August 27, 2004

minmae 'y te vas?'

When the current three-piece lineup of Minmae took the stage at this year’s South by Southwest, it seemed as if no one in the audience was happier than Daniel Black. A close friend of Minmae frontman Sean Brooks, Black recently abandoned shoegaze and noise-rock (which he explored as both a member of a previous incarnation Sean’s band and as the frontman of the And/Ors) for poppier pastures with his current project, the September Gurls. Upon hearing Minmae debut their new songs, Daniel was elated to discover that his friend was following a similar artistic trajectory. “He’s gone pop!,” Daniel shouted to me, emphasizing his point with a nudge to my shoulder nearly forceful enough to dislocate it. While I wouldn’t say that Minmae has turned into Big Star with their latest album, Ya Te Vas?, it is plain to see that Sean Brooks’ music has gotten progressively cleaner over the last ten years.

In the liner notes of Microcassette Quatrains, a recent release of a lost album recorded back when Minmae was a lo-fi one-man show, Brooks wrote that his music “is reflective of my somewhat deluded interpretation of modern everyday life insomuch as the more noise and drone aspects are in the foreground and the essential message is abstruse and not very audible.” He must have received a serious reality check sometime between then and now because Ya Te Vas? is a nearly complete reversal of this interpretation. Even on the noisier songs (“Circumspect...I Followed It,” “The Unfettered Idealist,” “I Was Buoyant”), the distorted guitars serve as a means to embellish the song, not to overwhelm it. You can make out most of the lyrics now, and it is good to know that Sean is just as capable of being straightforward as he is of being oblique. For every nonsensical couplet like “I walk with Mary and her son but I do not pay Peter/I handle Mary and her gun but I don’t pay meter” (“Just Take Me As I Am”), there’s a heartrending moment like the first verse of “My Conviction,” in which Sean vows to clean the house to keep his girlfriend from leaving him.

Ya Te Vas? is sequenced strangely in that most of the slighter songs take up the first half of the record. Opener “The Previous Show” and “Straight from the Box” are products of the GBV School of ADD songwriting, running through one verse and one chorus before abruptly ending. “Forget to Mention” and “Circumspect...I Followed It” are more notable for their textures than they are for any actual hooks. The former song coasts on choppy stop/start rhythms until the gorgeous coda, in which layers of sweet E-bowed guitars swirl around each other, and the latter song is little more than a cool, simple guitar riff blown up to arena-sized proportions. Minmae don’t start really earning your money until halfway through, when “Kelly in SE” announces itself as the upbeat rocker that Death Cab for Cutie forgot to include on Transatlanticism. From that point onward, the songs get longer, better, and more expansive.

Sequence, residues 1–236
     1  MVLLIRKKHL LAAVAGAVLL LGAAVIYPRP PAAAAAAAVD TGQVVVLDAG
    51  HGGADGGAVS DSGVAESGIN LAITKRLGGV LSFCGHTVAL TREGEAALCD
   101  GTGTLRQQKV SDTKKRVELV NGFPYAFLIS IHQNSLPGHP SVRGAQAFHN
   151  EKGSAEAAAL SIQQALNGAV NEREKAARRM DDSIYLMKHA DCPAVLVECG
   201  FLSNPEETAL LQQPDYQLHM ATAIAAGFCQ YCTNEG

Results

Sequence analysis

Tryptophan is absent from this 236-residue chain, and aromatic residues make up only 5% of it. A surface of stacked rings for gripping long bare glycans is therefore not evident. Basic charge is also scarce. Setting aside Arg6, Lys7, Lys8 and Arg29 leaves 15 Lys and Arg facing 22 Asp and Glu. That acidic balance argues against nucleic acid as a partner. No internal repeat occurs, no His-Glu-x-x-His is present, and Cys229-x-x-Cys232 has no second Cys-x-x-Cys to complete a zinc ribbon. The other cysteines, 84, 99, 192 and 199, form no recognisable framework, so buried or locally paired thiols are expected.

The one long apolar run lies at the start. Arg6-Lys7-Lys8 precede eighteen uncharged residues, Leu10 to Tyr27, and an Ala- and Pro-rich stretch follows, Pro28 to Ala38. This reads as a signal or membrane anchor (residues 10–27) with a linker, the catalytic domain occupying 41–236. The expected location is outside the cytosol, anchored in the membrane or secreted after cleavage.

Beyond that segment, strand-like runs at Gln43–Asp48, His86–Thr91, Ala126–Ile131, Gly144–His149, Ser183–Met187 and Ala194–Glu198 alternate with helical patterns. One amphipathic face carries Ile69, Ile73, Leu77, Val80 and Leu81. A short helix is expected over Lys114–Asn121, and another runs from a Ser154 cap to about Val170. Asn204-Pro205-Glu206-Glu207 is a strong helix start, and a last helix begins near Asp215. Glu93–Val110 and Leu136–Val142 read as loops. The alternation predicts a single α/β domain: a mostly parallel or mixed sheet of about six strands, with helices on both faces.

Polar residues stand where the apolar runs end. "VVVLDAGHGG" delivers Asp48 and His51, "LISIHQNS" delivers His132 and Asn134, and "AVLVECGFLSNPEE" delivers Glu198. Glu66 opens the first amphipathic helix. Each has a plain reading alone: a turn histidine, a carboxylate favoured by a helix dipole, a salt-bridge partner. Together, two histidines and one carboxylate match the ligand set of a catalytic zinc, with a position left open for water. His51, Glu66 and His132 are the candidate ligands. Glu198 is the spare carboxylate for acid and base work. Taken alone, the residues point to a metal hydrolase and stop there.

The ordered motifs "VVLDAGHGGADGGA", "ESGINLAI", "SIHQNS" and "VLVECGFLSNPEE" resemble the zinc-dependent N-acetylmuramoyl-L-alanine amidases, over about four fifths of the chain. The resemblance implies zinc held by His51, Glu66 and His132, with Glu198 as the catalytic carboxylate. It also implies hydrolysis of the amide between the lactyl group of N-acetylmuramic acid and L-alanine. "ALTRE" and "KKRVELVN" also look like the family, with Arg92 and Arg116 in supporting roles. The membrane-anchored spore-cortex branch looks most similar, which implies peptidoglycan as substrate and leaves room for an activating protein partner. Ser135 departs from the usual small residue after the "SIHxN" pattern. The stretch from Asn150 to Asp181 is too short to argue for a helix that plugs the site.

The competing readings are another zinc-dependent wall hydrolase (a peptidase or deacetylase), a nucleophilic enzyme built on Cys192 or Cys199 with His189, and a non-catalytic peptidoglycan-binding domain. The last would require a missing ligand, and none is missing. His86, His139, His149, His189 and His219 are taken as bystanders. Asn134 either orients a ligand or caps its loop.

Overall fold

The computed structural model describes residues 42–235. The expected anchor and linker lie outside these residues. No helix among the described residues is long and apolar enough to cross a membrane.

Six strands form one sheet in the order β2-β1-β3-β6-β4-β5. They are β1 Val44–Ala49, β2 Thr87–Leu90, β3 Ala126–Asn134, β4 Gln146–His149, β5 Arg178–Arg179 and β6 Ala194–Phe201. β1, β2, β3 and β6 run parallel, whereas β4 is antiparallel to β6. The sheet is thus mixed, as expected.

“The Unfettered Idealist” begins as a ballad about a slowly hardening heart, but then segues into a rollicking three-chord jam atop which Sean mumbles bitterly to himself. It’s as if the music gets more intense the more impatient and bitter the song’s protagonist gets. The aforementioned “My Conviction” wins points not only because it’s a love song that is earnest without being corny, but also because it’s the album’s catchiest song. Last but not least, there’s album closer “Setting Sun Turns Blue,” in which Sean rebukes his suicidal thoughts by telling the Grim Reaper to stop reminding him of past mistakes. As heavy as the subject matter sounds, the band’s shambling shuffle makes the song go down easy.

The lazy slide and acoustic guitars that permeate many of the songs on Ya Te Vas? give me the impression that this is the kind of album that the Preston School of Industry should have made instead of the dire Monsoon: slightly countrified indie-rock that prides itself on intelligence and craft above all else. Like PSOI’s Scott Kannberg, Sean Brooks can be his own worst enemy when it comes to how his songs are presented. Brooks’ terminally shaky baritone will always be an acquired taste (paradoxically, he sounds better when he strains his voice for the higher notes than when he stays within his “range”), and his attempts at guitar solos can be the musical equivalent of Russian roulette. Unlike Kannberg, though, Sean still sounds like he’s trying. If Minmae’s preceding mini-album True Love didn’t do it already, Ya Te Vas? proves once and for all that there were always real, and often good, songs hiding underneath Minmae’s blanket of noise. I wouldn’t call this music “pop,” but at least my mother can listen to this with me without plugging her ears.

(I know this because she was next to me reading a newspaper while I typed this review.)

-—Sean Padilla

Artist Website:
Label Website:

No comments: